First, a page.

tinker with text
Literacy-Based Maker Education
I thought I had my summer all planned … teaching a course and a workshop, attending a conference, entertaining visitors. Then, one by one, they were all cancelled. Well, I kept busy enough with projects and a “staycation” in my hometown, but I still was looking for a bit of adventure. So, I decided to just go for it and check something off my bucket list. Thanks to my credit card and the internet, off I went to California for surfing lessons!
Lesson #1: Surfing is hard.
There’s a reason why most surfers are athletic, young people. You use every muscle in your body. I almost didn’t go back the second day (or the third) because I was so sore and tired. But I told myself, “Get up! You’re not a quitter.”
Lesson #2: Sometimes there are secondary challenges, such as:
It was so fun to play in the waves though. I don’t think I could have had a wider smile. Did I “get it?” No, but I did it! Afterwards, it really made me think about my students, who struggle with reading. In schools around the world, we ask kids to learn something new for six hours every day. We ask them to try and try and try, even though they may be “crashing” and exhausted. I hope my challenging lessons will make me a better teacher this fall.
When was the last time you did something that took every ounce of your courage and energy? Is there something that you’ve wanted to do for a long time? I’m not encouraging you to do something reckless or terrifying, but you know - that thing that you think you’re too old for or that you might feel silly doing; that thing that you keep talking yourself out of. Yeah, that’s the thing that you definitely should do. Maybe it’s taking tango lessons with your spouse, renting an SUP, colouring your hair, or getting braces. Maybe it’s getting a motorcycle, hiking a famous trail, or learning another language. The possibilities are endless.
But what if it doesn’t work out? What if you suck at it? Well, then you’ve learned something too. The thing is, if you’re a parent, teacher, coach, mentor, grandparent, aunt or uncle, there is a young person in your life who looks up to you. And the next time that they have a hard day at school or fail their driver’s test or don’t make the team, we can say, “I know how you feel.” And we actually do.
My brother used to be a city police officer. However, he sustained a brain injury which forced him to “retire” at a young age. As a result, he has virtually no short-term memory but his long-term memory is intact. Due to this, he often talks about the past and, specifically, his memories of the police force. It turns out that police adhere to codes too. They’re called “10-Codes” and they’re used for relaying messages over the police radio. Each police force has their own list of 10-Codes but some codes are consistent.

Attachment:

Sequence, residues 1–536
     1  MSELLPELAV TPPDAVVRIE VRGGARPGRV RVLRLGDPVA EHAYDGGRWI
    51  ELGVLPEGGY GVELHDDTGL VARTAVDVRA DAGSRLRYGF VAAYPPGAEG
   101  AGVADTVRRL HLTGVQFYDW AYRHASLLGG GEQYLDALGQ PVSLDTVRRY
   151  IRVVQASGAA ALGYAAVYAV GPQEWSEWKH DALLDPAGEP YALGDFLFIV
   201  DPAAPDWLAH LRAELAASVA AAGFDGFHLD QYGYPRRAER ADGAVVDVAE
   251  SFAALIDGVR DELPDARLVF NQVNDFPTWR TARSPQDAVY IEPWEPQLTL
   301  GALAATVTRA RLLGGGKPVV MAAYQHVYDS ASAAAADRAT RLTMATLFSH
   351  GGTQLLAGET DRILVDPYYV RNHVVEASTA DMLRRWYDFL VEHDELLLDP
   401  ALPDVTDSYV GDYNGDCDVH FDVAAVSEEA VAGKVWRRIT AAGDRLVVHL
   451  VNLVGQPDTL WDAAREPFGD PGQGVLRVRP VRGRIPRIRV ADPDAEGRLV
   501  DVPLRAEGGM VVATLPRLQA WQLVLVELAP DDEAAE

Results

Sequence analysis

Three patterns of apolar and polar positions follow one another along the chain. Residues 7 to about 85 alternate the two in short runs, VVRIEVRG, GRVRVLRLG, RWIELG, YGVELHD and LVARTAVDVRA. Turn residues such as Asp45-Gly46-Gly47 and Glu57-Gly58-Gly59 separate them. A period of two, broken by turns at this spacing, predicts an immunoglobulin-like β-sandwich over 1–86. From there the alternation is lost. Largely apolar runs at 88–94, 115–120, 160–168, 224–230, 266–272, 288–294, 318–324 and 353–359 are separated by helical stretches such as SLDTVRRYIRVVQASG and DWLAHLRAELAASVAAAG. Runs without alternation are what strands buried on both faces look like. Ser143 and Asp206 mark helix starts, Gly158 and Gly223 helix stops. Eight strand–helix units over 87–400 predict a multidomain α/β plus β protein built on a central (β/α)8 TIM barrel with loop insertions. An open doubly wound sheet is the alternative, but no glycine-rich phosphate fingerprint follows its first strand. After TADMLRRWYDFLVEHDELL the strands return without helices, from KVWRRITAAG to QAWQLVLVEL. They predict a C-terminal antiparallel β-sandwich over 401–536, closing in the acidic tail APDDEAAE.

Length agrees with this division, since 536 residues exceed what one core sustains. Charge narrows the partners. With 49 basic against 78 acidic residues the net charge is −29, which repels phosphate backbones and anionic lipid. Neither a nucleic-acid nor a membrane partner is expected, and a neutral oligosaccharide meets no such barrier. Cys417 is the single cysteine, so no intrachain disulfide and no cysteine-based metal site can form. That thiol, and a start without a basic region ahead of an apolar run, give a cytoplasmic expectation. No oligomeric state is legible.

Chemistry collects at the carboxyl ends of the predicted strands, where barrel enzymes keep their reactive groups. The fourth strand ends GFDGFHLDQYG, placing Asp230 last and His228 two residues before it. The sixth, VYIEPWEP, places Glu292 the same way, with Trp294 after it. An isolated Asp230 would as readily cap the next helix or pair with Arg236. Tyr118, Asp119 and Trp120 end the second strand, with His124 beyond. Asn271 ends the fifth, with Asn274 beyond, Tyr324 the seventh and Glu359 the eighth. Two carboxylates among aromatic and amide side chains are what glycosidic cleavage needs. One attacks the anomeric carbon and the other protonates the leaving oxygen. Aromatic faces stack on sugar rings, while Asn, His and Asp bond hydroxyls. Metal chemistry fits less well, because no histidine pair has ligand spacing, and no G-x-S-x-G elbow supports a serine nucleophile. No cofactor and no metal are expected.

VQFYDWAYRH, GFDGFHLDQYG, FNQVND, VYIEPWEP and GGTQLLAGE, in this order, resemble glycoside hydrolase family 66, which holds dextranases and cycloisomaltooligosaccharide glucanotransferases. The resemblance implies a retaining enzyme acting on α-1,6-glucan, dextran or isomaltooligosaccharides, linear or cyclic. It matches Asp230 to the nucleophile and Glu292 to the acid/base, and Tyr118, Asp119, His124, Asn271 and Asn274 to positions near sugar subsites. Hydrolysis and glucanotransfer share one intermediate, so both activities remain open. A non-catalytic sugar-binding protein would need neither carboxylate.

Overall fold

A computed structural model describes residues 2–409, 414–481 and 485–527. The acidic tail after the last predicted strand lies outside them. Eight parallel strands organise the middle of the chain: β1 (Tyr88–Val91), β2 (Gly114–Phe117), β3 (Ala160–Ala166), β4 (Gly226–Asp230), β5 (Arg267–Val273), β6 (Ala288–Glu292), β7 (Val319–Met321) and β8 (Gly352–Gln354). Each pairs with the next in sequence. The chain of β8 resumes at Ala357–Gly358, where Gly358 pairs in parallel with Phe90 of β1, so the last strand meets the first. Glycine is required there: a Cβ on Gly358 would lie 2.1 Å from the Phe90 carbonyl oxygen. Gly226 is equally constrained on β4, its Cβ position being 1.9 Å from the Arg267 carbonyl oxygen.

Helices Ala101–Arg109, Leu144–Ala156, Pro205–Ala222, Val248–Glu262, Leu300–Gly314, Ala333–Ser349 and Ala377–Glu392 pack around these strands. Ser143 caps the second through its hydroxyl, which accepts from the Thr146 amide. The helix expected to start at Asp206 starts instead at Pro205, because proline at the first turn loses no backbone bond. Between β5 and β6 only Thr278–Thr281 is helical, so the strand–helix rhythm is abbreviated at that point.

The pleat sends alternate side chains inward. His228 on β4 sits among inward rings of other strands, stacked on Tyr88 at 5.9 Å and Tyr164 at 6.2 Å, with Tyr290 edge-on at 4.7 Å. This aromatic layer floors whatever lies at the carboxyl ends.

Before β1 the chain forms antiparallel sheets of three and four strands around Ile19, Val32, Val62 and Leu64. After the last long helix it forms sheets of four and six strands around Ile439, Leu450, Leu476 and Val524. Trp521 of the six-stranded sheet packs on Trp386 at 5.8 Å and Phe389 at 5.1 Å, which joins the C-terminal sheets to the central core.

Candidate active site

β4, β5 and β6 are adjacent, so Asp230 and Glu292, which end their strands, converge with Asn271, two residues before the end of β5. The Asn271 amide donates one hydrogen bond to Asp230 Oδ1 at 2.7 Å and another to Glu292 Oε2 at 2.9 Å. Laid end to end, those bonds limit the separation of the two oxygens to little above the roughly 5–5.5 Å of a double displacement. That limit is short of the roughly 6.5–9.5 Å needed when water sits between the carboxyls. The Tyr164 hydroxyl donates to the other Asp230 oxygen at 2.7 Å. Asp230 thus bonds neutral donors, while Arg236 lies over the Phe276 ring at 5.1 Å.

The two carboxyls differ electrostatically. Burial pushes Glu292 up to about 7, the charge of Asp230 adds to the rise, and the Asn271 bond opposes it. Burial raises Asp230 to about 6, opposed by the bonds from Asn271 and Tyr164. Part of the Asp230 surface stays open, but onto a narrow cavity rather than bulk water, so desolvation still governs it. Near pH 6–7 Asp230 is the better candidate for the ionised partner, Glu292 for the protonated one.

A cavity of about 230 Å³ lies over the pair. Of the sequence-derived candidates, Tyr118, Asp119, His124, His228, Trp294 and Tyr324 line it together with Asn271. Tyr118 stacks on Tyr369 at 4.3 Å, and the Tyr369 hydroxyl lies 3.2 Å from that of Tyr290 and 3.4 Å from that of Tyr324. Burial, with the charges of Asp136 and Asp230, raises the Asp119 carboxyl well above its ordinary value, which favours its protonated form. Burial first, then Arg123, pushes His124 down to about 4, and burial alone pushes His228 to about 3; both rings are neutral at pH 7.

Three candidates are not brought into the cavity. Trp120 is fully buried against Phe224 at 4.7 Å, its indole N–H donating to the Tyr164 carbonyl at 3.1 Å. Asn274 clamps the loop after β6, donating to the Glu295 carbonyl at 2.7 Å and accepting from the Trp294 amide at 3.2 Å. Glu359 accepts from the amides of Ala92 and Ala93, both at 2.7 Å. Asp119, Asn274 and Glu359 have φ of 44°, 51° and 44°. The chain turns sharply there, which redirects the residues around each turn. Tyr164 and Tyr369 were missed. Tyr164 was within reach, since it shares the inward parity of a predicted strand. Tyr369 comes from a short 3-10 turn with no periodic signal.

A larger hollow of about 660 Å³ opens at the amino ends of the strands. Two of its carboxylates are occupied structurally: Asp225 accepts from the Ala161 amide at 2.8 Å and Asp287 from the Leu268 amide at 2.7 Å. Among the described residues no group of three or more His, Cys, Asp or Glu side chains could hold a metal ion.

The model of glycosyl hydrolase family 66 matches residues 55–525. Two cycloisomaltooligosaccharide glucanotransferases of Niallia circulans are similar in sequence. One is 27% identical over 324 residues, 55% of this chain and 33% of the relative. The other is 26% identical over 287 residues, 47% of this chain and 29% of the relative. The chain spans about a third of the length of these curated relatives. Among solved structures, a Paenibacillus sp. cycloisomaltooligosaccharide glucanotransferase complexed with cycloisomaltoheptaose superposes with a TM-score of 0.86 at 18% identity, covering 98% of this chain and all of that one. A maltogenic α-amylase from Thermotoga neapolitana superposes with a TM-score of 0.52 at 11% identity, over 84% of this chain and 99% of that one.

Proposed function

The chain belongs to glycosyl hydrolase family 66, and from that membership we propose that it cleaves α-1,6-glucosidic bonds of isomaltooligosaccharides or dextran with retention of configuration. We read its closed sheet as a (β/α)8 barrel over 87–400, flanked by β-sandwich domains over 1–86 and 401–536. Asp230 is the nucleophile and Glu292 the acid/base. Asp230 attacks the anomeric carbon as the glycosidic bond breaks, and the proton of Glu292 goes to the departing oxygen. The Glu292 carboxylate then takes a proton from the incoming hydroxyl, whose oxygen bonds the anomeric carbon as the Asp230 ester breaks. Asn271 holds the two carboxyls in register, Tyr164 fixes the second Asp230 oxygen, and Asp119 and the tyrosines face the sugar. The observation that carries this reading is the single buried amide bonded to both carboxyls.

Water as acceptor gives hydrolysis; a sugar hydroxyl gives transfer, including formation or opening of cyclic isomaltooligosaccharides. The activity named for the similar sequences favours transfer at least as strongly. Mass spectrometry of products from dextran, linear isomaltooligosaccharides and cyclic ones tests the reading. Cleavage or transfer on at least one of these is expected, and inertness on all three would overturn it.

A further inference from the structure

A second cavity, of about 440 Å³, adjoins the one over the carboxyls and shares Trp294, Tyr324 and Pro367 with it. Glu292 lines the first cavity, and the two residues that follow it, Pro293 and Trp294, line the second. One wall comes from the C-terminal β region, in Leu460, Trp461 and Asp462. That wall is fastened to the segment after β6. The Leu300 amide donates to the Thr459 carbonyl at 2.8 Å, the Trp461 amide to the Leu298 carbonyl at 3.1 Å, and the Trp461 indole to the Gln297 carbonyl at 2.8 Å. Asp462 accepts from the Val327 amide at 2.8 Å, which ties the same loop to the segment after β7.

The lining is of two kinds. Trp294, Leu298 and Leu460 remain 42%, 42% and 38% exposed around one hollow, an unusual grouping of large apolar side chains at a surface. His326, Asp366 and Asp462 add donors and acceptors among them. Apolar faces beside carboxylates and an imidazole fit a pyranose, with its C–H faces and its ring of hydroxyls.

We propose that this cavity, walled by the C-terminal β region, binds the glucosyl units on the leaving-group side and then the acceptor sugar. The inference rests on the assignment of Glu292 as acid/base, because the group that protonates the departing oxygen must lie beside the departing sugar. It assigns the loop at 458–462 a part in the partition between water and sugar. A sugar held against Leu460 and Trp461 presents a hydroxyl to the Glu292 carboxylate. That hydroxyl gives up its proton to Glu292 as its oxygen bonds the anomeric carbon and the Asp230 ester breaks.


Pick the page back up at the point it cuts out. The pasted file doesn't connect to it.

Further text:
We’ve all heard “10-4” (message received) used in movies or TV shows. But do you know what a 10-13 is? It means “Member in Trouble.” Perhaps educators can learn this code and adapt it to our own lives.
You know that staff member down the hall that some people think should "just retire?" She’s trying to learn the latest technology and pedagogy (really!), but her husband has Parkinson’s, finances are tight, and she’s worried and exhausted. Every. Single. Day. She’s a 10-13.
And what about the boy in your Grade 5 class who still struggles with reading and writing? His anxiety is growing, and he is withdrawing from everyone and everything. He stays home from school more frequently now and his parents don’t know what to do. He’s a 10-13.
Then there’s the principal who comes to school every day with a smile on her face and tries to “get everyone on board.” She is trying to serve the school board, the superintendent, the parents, the teachers, and the students, as well as her own family. The stress levels and potential for burn-out are rising every year. Definitely a 10-13.
Draw that circle closer. Are there family members who are 10-13’s? Now widen the circle to include community members. Wider yet … members of the human race. There’s nothing but 10-13 stories in the news every day – some, more alarming than others.